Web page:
In any case, the following quote is worth mentioning:
"People in the economy are thinking about whether to invest or take risks when what they are seeing are early signs of Hugo Chávez economics," says Wisconsin GOP Rep. Paul Ryan.In today's political context, it constitutes a pretty bold statement, so good on him.
[Update: Here's an interesting paragraph from Matt Lewis' blog post on a few of Rep. Ryan's votes:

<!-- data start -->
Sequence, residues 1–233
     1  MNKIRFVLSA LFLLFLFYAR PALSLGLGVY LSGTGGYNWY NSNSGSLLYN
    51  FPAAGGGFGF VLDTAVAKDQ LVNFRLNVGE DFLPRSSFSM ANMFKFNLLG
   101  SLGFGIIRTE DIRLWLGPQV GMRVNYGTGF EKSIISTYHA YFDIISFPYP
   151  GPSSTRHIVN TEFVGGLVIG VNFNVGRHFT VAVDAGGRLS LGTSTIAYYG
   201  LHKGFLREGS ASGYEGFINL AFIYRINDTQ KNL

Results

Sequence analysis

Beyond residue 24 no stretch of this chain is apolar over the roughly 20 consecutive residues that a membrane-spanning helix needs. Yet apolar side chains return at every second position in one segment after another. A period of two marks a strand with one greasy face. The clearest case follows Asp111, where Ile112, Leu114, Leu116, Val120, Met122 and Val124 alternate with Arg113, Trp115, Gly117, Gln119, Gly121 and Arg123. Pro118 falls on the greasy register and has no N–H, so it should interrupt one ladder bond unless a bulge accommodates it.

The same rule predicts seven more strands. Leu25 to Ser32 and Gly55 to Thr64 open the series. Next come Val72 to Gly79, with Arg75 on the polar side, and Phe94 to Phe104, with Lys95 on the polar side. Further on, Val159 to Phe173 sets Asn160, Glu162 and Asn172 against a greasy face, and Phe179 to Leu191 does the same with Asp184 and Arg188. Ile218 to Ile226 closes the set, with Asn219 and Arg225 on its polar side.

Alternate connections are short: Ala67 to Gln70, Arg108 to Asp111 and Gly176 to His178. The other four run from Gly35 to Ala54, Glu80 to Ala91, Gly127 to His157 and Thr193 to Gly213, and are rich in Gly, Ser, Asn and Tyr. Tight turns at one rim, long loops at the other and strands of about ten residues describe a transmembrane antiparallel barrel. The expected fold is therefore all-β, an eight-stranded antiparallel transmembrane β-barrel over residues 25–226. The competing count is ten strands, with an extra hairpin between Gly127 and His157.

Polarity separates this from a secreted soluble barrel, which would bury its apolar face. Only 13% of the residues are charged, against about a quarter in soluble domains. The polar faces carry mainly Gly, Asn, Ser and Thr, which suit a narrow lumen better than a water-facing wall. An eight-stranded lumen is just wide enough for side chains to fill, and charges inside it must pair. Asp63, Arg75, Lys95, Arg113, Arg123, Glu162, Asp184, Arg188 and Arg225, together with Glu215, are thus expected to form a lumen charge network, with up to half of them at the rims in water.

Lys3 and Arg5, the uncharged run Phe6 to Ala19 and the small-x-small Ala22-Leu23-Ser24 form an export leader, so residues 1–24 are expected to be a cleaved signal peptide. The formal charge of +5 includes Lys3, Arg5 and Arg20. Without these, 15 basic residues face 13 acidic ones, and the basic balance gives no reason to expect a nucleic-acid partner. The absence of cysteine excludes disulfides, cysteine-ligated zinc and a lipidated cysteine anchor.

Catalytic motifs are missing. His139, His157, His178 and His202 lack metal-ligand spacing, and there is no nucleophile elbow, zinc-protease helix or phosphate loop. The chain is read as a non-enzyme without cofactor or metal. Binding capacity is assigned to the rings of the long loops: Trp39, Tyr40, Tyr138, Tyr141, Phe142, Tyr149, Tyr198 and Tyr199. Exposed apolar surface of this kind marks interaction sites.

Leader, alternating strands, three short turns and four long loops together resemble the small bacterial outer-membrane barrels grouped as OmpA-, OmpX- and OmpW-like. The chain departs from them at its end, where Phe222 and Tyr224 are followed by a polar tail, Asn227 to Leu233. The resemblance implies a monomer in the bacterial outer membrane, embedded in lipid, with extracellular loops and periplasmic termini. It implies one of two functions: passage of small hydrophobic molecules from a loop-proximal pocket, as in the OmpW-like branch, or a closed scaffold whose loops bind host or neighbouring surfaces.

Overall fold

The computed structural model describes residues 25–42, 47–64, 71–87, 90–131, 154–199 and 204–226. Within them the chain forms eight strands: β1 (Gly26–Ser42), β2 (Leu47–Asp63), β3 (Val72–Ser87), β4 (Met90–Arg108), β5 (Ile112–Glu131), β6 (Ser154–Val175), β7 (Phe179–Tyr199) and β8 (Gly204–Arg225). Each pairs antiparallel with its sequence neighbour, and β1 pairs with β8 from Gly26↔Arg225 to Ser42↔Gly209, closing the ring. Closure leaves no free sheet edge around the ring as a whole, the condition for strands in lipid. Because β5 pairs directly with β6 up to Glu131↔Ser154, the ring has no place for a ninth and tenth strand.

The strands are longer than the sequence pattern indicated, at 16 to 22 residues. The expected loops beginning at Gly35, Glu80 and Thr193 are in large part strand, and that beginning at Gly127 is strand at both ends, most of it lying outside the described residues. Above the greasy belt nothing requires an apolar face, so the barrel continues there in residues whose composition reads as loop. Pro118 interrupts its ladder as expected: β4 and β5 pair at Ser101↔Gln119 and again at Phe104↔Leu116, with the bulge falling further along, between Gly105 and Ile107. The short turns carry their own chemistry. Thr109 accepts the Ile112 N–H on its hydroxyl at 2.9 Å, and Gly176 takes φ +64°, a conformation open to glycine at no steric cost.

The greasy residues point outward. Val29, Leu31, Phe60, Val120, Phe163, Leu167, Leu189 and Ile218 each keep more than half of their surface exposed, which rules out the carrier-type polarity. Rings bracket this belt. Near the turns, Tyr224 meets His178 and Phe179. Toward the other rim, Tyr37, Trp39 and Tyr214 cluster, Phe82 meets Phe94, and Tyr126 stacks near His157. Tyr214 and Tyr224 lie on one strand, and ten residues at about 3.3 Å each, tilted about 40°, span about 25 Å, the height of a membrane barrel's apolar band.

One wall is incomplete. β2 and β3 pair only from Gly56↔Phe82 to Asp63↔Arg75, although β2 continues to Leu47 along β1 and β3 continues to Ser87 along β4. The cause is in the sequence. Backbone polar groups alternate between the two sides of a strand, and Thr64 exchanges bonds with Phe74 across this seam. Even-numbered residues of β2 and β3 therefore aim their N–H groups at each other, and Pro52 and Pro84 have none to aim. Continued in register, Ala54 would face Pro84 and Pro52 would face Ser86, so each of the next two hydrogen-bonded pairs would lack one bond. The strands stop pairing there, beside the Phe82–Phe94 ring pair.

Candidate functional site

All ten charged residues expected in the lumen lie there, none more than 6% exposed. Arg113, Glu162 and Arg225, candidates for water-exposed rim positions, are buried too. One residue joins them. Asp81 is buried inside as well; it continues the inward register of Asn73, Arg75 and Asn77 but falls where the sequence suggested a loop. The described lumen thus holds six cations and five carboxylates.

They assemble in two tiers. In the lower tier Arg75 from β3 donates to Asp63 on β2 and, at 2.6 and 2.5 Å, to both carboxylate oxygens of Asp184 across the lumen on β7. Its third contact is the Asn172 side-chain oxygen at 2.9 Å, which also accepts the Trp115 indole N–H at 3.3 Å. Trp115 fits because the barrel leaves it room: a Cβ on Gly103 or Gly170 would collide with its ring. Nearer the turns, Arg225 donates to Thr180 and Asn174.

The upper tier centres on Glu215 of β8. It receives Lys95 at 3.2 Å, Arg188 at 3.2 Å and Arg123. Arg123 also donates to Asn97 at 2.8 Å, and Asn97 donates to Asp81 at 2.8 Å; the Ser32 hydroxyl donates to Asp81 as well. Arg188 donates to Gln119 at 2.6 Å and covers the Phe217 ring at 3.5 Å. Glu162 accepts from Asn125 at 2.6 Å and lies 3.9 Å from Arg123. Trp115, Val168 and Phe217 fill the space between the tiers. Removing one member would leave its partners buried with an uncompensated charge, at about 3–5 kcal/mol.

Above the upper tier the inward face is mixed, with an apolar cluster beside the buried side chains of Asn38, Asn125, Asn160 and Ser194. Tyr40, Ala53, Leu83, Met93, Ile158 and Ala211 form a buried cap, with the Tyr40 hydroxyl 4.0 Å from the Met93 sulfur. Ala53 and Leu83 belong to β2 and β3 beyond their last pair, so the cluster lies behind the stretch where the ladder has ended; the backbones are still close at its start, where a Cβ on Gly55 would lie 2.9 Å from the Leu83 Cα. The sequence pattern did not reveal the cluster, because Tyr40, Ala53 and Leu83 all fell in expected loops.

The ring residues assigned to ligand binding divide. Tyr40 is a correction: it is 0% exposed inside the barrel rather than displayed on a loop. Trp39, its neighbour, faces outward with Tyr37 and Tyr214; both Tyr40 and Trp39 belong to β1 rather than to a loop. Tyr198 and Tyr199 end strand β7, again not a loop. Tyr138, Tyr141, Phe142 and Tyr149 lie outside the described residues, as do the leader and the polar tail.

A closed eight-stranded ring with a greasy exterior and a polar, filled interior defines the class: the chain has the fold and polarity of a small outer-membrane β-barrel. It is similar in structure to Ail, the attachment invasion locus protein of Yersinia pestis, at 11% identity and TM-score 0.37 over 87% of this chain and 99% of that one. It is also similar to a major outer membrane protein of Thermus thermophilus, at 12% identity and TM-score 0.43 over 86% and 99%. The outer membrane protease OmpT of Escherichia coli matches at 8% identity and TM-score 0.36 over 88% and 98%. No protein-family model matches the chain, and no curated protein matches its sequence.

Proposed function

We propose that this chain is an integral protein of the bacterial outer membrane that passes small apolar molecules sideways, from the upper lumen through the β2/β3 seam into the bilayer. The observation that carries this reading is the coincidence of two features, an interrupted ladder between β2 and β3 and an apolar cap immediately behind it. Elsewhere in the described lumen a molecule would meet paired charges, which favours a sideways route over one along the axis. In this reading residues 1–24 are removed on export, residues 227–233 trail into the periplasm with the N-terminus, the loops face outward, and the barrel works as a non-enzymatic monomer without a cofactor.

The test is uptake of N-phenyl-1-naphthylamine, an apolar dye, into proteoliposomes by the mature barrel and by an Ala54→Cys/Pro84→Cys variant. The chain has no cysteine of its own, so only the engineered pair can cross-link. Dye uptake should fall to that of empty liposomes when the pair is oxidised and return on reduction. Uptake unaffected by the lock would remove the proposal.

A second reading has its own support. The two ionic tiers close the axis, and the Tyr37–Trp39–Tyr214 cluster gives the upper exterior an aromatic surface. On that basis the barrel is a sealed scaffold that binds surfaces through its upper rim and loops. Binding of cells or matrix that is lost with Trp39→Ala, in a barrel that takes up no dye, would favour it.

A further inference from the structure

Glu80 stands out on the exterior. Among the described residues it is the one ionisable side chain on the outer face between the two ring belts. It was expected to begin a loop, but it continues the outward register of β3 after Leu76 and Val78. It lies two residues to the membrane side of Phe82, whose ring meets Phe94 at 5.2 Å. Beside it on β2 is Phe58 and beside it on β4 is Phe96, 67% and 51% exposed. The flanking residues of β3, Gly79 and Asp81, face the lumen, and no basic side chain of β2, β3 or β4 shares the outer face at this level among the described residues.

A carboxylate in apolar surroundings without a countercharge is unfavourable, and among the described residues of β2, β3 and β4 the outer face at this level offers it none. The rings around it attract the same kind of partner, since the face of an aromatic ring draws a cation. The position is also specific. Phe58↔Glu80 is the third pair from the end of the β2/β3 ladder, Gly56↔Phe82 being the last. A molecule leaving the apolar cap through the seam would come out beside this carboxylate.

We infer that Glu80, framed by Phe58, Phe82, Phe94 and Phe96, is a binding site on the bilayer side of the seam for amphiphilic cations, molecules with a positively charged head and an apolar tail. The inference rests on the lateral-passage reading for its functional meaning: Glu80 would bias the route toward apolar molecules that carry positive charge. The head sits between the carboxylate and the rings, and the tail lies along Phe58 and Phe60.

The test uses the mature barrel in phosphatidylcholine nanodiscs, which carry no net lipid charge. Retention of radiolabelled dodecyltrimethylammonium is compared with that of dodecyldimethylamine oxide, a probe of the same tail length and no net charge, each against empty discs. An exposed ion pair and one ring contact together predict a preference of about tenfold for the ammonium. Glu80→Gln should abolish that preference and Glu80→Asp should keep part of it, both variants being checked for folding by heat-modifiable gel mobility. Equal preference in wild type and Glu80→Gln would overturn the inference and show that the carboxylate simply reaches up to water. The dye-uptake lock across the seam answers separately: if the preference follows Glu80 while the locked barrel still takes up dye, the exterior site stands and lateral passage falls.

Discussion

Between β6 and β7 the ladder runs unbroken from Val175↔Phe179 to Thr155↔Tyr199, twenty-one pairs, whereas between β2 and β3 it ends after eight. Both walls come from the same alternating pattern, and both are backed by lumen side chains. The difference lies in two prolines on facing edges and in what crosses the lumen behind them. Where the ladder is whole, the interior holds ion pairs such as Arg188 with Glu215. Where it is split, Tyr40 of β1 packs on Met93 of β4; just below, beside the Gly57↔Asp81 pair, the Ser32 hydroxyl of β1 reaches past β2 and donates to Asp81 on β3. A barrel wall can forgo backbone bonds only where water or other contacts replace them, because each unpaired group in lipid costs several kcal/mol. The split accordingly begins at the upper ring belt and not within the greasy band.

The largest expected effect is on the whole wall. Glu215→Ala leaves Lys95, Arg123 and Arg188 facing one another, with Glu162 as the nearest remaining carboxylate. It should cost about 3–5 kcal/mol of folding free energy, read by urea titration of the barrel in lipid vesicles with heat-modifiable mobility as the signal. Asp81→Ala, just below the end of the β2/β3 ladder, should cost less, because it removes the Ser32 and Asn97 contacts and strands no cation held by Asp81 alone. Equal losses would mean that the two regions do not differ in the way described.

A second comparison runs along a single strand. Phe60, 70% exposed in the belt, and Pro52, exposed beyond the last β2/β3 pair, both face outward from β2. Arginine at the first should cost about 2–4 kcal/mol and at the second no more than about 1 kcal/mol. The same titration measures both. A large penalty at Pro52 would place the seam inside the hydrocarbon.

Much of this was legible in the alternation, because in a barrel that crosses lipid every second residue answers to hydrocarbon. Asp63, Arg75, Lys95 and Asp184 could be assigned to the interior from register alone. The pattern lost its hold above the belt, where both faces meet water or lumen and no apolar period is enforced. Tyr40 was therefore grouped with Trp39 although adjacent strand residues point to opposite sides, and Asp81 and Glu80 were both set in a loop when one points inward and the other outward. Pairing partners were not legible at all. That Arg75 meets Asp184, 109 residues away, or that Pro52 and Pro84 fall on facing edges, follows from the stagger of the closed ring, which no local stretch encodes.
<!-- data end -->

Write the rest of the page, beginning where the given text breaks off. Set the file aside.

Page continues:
Though he talks like Nobel Prize-winning economist Milton Friedman, some of Ryan’s most high-profile votes seem closer to Keynes than to Adam Smith. For example, in the span of about a year, Ryan committed fiscal conservative apostasy on three high-profile votes: The Troubled Asset Relief Program, or TARP (whereby the government purchased assets and equity from financial institutions), the auto-bailout (which essentially implied he agrees car companies – especially the ones with an auto plant in his district—are too big to fail), and for a confiscatory tax on CEO bonuses (which essentially says the government has the right to take away private property—if it doesn’t like you).Ya gotta wonder why these guys can't vote the way they allegedly think...]